Even then, according the author, grand praise was heaped on the Empire State Building (and, to my mind, too much praise for Severance’s 40 Wall Street building, aka Manhattan Company Building later to become The Trump Building) for its design. Objectively speaking, the various fine details of the Chrysler Building were easily superior to either. The reason for the disdain for the Chrysler Building by the critics and press isn’t made clear in the book, but it would seem that the love for the Empire State Building had to do with it simply being higher, being connected with Al Smith, and being a grand project that helped people believe in something higher (no pun intended) after the awful stock market crash.

        Even more incredibly, Van Alen never went on to build any other large buildings. Contributing to that was the bad press he got from a contract dispute with Chrysler (his old partner, Severance, was the business-minded architect with Van Alen being the opposite — he never did sign a contract with Chrysler although he was eventually awarded the industry-standard 6% of construction costs). That’s really the poignant part of this whole episode. The Chrysler Building was the world’s tallest building for only 10 months, and even then it was clear it was going to be soon eclipsed by the Empire State Building. The author notes that in Chrysler’s autobiography he dedicated only two pages to the building.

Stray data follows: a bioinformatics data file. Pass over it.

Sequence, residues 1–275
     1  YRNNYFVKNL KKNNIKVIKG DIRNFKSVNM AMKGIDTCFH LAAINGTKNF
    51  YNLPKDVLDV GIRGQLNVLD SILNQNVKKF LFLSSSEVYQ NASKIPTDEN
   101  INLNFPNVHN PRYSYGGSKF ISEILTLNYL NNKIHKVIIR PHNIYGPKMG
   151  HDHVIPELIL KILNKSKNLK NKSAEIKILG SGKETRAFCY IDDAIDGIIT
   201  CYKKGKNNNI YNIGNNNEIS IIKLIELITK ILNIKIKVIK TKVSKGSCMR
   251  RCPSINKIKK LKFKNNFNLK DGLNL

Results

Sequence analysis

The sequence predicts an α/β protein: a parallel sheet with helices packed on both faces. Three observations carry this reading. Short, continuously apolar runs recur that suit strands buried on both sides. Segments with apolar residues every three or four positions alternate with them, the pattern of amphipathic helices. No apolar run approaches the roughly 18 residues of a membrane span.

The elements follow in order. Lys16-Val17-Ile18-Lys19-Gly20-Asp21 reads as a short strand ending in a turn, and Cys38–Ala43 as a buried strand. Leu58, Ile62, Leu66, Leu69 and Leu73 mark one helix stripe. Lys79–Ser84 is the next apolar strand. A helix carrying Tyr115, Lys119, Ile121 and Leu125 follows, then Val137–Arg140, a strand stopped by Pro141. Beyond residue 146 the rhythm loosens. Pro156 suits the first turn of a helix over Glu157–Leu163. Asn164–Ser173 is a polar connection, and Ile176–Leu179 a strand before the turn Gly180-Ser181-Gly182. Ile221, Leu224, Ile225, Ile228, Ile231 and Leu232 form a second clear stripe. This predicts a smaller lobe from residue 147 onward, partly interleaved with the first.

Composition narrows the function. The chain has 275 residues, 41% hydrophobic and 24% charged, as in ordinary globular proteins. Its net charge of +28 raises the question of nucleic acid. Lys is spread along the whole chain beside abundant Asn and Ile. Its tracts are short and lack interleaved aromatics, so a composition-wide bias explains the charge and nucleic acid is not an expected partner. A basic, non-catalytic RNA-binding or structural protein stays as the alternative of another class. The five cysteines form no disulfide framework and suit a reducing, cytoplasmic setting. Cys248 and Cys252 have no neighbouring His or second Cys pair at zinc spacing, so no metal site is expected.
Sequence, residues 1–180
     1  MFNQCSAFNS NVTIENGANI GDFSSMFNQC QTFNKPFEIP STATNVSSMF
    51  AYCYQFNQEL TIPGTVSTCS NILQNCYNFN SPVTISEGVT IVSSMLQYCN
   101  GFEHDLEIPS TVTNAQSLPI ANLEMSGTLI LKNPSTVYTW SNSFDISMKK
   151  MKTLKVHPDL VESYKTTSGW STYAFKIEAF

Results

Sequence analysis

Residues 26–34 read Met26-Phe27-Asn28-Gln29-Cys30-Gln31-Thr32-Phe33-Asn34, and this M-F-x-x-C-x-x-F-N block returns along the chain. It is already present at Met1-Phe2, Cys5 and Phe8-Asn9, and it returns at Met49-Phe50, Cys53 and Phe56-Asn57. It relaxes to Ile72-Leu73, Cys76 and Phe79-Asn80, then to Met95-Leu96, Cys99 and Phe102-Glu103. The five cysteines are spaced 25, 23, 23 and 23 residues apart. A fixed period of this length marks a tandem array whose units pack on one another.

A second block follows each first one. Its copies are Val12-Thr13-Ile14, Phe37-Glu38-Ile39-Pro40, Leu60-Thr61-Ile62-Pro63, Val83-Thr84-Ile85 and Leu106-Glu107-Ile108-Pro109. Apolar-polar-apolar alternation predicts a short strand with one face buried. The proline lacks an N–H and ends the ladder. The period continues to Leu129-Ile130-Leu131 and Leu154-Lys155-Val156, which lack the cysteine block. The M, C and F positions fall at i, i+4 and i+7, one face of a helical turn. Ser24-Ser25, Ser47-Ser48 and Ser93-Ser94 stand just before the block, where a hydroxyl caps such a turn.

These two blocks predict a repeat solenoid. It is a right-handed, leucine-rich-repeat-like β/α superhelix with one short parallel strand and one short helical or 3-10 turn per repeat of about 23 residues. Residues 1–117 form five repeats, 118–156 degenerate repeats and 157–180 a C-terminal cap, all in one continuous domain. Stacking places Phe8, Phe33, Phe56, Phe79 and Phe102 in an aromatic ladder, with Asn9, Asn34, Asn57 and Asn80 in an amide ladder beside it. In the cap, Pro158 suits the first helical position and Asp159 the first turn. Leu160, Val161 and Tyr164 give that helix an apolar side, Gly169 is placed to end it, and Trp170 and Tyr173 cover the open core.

The Chrysler Building then fell into disrepair for a number of decades. More recently it has been recognized as the work of art that it is. The author notes that Van Alen’s plans for lighting the dome of the building were found a few years ago and the lighting implemented. And, of course, it looks grand.

        There’s some kind of object lesson in all this. Both Chrysler and Van Alen collaborated in a wondrous thrust of their own wills and imaginations. Something like this is rare. Basic Van Alen had a blank check and both were very enthusiastic about the building. But in the end, it did not bring Alen glory in his own lifetime, and Chrysler all but disowned it. I would say there is a hint of “be careful what you wish for.” And yet I’m grateful they made the wish. It’s just too bad that a great job wasn’t its own reward. But then probably 90% of the thrust of the very idea of the skyscraper (at least in this era) was to be the tallest. And without that it would seem nothing else mattered. Yes, there was more than a little egotism involved.

        But the author notes that the Chrysler Building faired better after the crash of 1929 in terms of occupancy, although by 1954 or 55, the Empire State Building was full and finally making a hefty profit. And I believe the only time (correct me if I’m wrong) that a dirigible ever docked at its tower was in the movies.